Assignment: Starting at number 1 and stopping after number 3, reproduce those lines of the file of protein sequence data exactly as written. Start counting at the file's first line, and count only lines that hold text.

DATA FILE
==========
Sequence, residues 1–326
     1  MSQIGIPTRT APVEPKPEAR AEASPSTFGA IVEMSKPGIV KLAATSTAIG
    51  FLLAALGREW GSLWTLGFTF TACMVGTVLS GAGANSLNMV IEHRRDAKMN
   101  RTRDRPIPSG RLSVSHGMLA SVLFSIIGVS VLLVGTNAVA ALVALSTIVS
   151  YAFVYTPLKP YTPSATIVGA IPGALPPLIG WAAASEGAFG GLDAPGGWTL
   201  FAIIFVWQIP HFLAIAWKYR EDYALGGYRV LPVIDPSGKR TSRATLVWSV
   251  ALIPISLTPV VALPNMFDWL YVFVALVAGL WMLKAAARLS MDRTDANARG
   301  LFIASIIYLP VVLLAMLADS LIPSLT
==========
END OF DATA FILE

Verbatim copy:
Sequence, residues 1–326
     1  MSQIGIPTRT APVEPKPEAR AEASPSTFGA IVEMSKPGIV KLAATSTAIG
    51  FLLAALGREW GSLWTLGFTF TACMVGTVLS GAGANSLNMV IEHRRDAKMN